Wednesday, August 31, 2011


Just so that everyone knows, I have not spent all of my spare time going to science and art museums. I have spent a fair amount of time on the baby's crib that I am building. Actually, there is quite a bit of work done on the crib. I will just cover the first part of the work that I did on the two ends of the crib. After I finished planing all the boards I selected the boards that I wanted to use to make the ends. It was important that the boards that I was going to use for the posts had to be as straight and as true as possible. Since I had planed all of the boards myself the boards were straight. You can see here that I have one end assembled and one end in exploded view so that you can see all the parts and where they go. It was tricky gluing everything together. It took all of the clamps that I have. I even went out and bought a few more C-clamps because I did not have enough.

After getting everything glued together i was delighted that the two ends of the crib were straight and true. All the angles were square and there was no twist.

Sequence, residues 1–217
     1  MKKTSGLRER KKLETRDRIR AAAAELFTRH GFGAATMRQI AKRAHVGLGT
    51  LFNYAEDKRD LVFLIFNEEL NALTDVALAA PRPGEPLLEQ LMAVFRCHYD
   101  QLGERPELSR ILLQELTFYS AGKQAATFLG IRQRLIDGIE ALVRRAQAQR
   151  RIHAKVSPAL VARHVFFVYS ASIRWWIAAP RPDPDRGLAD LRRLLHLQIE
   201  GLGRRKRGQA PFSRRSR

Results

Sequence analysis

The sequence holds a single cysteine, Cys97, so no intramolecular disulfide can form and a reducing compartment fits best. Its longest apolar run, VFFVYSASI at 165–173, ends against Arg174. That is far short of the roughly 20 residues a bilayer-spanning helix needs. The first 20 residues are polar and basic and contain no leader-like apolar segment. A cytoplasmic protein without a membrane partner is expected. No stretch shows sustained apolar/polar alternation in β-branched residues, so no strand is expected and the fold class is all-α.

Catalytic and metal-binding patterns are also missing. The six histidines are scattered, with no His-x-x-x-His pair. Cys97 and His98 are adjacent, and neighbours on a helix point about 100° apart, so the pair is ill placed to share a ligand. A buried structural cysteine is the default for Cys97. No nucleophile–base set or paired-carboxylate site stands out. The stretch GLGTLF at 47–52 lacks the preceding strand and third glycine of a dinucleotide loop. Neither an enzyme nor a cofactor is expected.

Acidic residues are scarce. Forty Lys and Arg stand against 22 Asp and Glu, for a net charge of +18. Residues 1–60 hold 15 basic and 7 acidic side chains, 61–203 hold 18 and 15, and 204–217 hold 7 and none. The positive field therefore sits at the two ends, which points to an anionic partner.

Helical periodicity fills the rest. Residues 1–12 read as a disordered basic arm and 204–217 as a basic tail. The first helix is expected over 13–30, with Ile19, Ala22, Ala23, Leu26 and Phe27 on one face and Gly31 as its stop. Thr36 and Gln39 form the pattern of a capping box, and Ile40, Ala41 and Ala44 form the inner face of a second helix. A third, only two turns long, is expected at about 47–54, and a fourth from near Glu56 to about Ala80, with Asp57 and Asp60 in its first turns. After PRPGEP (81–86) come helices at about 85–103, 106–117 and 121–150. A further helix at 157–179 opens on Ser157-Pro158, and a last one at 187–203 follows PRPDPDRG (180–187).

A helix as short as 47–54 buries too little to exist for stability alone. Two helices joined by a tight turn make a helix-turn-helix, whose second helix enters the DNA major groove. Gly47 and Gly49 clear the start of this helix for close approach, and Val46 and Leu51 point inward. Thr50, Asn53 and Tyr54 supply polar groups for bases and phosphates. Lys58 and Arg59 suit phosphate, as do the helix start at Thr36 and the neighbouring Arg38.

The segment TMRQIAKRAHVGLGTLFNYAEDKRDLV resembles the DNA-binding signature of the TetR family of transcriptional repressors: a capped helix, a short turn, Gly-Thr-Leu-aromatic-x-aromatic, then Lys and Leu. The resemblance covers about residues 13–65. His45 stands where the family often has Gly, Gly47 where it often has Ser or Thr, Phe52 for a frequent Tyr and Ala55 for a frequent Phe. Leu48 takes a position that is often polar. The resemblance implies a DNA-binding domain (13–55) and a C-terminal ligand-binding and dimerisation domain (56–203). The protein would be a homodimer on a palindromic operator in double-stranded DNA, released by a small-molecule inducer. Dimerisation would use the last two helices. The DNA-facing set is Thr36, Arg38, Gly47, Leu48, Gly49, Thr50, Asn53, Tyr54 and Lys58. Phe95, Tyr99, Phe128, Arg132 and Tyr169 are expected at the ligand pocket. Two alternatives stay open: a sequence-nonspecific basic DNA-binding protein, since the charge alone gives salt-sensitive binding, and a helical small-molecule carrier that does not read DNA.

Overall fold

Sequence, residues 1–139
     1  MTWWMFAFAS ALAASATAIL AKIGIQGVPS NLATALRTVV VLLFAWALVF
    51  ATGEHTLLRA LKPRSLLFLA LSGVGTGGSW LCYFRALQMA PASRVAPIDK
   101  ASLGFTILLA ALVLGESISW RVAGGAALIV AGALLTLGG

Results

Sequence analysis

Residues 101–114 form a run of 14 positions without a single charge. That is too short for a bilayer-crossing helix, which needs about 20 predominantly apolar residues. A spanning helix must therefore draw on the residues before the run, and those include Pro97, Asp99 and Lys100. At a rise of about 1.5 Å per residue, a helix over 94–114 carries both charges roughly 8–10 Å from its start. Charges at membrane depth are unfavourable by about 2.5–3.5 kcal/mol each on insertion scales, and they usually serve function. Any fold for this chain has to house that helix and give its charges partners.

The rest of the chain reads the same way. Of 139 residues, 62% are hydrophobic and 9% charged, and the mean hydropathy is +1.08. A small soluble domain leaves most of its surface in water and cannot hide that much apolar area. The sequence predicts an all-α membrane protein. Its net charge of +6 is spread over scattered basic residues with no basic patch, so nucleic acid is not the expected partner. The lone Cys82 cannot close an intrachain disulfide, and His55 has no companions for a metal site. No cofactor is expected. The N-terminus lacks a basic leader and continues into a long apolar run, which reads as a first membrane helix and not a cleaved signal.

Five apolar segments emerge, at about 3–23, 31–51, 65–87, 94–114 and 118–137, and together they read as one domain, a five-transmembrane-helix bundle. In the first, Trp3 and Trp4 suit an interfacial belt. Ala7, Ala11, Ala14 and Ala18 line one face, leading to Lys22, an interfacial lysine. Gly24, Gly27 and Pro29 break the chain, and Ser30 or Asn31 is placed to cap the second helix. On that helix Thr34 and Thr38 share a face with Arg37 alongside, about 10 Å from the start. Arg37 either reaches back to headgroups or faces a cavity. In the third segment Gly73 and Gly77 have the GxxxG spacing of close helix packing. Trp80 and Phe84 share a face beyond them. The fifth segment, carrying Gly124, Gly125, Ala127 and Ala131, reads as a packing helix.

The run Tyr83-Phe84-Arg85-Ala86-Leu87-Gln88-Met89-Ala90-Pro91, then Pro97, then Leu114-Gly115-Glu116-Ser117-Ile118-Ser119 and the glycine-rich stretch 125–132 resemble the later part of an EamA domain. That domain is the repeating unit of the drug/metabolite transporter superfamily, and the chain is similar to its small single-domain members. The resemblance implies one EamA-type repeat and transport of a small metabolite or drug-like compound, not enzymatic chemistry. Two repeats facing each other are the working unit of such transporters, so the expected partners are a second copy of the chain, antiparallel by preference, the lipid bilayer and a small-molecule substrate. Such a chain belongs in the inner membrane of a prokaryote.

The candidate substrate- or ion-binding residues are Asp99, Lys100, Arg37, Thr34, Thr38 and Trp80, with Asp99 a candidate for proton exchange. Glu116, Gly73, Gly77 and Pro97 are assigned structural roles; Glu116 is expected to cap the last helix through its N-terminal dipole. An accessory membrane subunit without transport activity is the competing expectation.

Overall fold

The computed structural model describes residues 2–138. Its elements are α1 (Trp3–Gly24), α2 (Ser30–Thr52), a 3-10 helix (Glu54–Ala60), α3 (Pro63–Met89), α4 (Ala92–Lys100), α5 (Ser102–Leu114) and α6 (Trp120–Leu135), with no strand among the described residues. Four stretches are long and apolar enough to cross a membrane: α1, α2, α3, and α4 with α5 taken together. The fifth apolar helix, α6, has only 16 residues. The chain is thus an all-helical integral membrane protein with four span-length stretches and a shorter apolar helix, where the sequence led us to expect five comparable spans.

With the two ends of the crib completed. I spent all of my time working on the two sides of the crib. That will be for the next post.

Tuesday, August 30, 2011


 Franz Kline  White Forms

Yesterday, on August 28th, I went to the Art Gallery of Ontario to visit the exhibition of Abstract Expressionists that is showing until September 4th. I wanted to make sure that I went to the AGO before the show was over. It was a rare opportunity to see some of the most important proponents of the Abstract Expressionist movement that was centered in New York city from the 1940's to the 1960's.

One of Franz Kline's  White Forms paintings is shown above. I spent a fair amount of time looking at this painting. This is not just a black and white painting. There is a lot of complexity in the colors and the forms. The white is not just white, there are subtle gradations and colorings or white and black. Overall, his paintings give me the impression of Chinese calligraphy, aggressive black lines on a white background.
Mark Rothko No. 5.

This painting by Mark Rothko is just one example of his work that is on exhibit at the AGO. I never really appreciated the work of Mark Rothko until I saw his paintings at the AGO. The power and emotion of his paintings come through, loud and clear. If I hear hot jazz in my head when I look at the paintings of Jackson Pollack then I hear Philip Glass in my head when I look at the paintings of Mark Rothko.